Eurozone Leaders Try to Tackle Tax Evasion
The euro slipped to $1.2838 on Thursday morning following Federal Reserve Chairman Ben Bernanke's testimony to Congress and the release of the bank's latest policy meeting minutes. Bernanke told Congress that the Fed would consider easing back on its bond buying stimulus if the country's economic improvement continued. His comments boosted the dollar and sent the euro downward as a result.
At a summit in Brussels, eurozone leaders met to discuss the region's economic decline. Tax evasion and its negative consequences on the cash strapped nations was a major topic as the regions discussed how to fight it without discouraging foreign investment and remaining competitive in the global market.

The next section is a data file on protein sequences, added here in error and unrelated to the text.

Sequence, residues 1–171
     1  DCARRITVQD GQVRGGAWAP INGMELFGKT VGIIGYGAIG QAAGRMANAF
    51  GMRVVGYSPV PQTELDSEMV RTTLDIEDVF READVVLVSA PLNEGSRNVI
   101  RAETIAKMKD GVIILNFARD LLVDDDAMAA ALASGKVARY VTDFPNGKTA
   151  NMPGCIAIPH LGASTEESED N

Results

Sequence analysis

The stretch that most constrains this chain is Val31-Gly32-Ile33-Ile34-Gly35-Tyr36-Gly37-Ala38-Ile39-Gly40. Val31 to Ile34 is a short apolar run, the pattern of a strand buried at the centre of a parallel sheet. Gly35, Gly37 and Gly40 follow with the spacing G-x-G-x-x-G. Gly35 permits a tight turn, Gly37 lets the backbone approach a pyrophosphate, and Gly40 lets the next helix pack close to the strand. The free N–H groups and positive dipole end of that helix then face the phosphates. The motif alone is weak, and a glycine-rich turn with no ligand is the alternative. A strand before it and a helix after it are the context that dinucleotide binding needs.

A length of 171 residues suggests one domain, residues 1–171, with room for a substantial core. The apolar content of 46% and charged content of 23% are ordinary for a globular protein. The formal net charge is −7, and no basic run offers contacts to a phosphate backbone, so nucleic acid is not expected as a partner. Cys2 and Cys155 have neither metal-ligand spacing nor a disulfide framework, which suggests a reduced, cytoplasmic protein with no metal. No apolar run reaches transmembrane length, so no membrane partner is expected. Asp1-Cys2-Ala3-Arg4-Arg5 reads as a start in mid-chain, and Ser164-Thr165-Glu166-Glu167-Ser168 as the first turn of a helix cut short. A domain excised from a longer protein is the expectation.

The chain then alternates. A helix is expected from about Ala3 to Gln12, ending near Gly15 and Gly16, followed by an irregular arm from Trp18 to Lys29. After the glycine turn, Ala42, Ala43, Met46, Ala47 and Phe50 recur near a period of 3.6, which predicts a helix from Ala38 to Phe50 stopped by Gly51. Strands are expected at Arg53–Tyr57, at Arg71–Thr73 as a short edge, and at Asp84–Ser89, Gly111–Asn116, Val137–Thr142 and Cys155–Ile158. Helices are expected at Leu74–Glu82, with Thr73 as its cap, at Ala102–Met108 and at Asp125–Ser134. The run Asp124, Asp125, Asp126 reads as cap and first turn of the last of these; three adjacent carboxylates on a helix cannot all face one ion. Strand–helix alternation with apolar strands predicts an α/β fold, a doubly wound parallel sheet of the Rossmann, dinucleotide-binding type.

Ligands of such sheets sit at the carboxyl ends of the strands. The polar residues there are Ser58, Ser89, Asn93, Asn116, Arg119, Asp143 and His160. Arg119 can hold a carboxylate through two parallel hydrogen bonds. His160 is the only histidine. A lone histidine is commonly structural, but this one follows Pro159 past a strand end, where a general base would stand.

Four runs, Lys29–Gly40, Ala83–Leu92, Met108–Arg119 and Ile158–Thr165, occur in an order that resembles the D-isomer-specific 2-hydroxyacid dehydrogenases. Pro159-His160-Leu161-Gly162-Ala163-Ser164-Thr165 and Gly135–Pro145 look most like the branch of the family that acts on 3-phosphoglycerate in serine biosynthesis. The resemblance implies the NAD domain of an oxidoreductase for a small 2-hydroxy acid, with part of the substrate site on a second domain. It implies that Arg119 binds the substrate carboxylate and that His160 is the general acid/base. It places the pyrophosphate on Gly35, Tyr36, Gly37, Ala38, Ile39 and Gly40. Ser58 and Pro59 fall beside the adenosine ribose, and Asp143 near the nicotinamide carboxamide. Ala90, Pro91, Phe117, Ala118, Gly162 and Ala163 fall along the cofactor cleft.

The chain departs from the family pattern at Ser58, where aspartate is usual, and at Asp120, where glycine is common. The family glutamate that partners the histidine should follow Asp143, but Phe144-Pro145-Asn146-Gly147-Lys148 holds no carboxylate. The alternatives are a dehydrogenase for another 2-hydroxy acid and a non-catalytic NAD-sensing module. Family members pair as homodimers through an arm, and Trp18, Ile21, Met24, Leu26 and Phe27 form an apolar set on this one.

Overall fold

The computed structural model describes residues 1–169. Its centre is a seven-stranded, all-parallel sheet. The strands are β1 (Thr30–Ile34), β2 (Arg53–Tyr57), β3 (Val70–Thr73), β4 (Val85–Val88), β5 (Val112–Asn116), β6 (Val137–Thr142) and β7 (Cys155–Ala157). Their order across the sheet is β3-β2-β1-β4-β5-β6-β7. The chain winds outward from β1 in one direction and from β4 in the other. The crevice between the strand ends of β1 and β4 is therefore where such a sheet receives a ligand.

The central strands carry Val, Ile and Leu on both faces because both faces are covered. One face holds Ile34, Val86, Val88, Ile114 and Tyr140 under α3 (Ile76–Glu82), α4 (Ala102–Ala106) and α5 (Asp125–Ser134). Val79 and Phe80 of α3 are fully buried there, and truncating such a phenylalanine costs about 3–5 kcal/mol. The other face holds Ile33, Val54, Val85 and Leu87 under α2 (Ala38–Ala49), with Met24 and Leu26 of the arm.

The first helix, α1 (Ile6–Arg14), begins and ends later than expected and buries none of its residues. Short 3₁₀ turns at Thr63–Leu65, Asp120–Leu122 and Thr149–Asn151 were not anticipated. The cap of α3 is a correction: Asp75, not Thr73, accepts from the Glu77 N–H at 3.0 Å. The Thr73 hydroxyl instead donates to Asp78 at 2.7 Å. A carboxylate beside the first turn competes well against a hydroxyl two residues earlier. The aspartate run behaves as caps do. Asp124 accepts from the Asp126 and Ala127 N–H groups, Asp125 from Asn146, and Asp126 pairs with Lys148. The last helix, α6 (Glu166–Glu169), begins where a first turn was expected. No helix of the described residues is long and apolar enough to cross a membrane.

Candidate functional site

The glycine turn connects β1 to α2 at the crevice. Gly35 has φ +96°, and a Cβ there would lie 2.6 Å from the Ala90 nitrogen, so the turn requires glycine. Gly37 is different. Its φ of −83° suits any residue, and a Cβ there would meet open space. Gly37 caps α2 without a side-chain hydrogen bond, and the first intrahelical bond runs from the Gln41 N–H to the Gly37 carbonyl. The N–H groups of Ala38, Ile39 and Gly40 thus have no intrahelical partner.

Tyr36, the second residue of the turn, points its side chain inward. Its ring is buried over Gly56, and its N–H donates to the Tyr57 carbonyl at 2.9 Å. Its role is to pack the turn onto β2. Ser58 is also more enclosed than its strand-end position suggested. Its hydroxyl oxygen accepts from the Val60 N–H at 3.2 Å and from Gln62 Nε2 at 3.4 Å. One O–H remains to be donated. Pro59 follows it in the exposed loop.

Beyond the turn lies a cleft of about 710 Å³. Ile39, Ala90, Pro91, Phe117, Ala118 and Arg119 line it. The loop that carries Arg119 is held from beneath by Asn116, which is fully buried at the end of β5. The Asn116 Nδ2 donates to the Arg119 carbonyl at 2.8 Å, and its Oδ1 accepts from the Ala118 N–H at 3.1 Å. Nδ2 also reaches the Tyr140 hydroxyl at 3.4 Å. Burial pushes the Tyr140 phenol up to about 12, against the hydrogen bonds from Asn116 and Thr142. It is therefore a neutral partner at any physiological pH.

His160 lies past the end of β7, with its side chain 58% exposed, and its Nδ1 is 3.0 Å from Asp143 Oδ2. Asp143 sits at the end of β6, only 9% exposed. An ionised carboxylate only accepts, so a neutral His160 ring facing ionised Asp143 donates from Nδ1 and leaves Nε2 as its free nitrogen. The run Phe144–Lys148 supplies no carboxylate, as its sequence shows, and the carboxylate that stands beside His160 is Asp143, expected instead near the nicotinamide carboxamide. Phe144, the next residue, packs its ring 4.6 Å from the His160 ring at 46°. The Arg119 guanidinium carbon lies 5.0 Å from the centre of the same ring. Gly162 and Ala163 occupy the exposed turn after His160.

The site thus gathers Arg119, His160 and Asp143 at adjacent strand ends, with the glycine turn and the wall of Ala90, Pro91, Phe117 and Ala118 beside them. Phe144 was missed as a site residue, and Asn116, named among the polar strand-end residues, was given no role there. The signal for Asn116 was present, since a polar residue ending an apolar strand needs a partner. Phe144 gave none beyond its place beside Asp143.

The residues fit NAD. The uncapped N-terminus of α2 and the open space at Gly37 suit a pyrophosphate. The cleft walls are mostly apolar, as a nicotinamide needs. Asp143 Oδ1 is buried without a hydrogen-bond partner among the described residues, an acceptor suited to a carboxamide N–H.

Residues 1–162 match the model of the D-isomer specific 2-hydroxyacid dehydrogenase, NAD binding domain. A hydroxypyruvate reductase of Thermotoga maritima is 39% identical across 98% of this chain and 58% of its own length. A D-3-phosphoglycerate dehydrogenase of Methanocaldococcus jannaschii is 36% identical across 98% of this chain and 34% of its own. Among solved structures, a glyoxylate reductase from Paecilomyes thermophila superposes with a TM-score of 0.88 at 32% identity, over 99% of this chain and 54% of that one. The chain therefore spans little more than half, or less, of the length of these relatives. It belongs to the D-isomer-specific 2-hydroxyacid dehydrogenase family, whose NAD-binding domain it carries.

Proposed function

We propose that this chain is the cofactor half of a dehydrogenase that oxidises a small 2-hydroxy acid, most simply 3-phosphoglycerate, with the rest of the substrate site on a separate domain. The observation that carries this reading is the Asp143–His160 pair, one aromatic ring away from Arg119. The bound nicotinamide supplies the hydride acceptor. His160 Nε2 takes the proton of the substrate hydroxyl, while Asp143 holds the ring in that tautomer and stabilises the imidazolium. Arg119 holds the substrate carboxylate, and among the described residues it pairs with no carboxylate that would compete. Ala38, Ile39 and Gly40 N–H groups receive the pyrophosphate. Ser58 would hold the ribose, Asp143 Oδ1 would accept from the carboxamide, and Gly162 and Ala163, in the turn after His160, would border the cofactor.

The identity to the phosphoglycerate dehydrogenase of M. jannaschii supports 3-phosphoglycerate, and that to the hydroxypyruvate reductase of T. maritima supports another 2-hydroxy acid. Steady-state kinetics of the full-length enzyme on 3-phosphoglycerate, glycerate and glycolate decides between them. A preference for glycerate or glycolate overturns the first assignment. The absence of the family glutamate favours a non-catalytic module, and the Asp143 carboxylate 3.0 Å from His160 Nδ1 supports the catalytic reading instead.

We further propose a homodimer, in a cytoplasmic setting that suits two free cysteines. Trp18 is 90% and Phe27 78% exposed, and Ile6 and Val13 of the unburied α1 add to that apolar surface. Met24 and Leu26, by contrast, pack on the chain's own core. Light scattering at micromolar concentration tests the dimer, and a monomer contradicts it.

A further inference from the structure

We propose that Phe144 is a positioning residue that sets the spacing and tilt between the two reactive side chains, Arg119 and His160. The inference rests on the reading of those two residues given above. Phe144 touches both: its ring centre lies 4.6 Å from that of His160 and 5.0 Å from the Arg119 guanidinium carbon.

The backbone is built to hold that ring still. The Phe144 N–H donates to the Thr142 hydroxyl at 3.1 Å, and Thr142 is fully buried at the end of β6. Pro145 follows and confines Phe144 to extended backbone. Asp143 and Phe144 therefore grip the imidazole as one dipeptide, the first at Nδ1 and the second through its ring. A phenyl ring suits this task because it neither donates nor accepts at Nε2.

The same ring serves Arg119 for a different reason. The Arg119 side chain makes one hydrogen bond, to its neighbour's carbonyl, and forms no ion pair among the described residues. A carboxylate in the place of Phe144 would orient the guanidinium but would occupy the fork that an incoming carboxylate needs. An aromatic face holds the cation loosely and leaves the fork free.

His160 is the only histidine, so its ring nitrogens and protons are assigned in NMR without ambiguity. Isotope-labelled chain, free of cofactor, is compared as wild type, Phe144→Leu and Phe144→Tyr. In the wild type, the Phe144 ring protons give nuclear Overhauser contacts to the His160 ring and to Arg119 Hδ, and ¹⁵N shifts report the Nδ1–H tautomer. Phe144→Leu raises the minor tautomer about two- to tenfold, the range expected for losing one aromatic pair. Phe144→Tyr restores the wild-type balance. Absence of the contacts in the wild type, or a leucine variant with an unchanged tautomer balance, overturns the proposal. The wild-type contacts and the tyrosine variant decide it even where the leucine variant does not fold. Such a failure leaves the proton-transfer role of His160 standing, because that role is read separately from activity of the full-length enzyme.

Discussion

According to the Wall Street Journal, Luxembourg and Austria have expressed willingness to make their bank's deposits more transparent and allow other countries a better view of the funds their citizens may be depositing there. Should bank secrecy laws be softened, it could provide a powerful precedent for the rest of the blocs banks and lead to information sharing between tax authorities.
Tax fraud has been a widely debated issue throughout the eurozone, with many blaming corporations' tax avoidance and individual tax evasion for part of the bloc's financial crisis. Many multinational corporations like Google and Apple declare most of their revenue in Ireland, where legal loopholes allow the companies to pay lower tax rates.
Moving forward, leaders from all of the eurozone nations have promised to reform tax laws and eliminate loopholes to streamline the process and generate more revenue. However, no concrete statements have been made about how to implement such changes.
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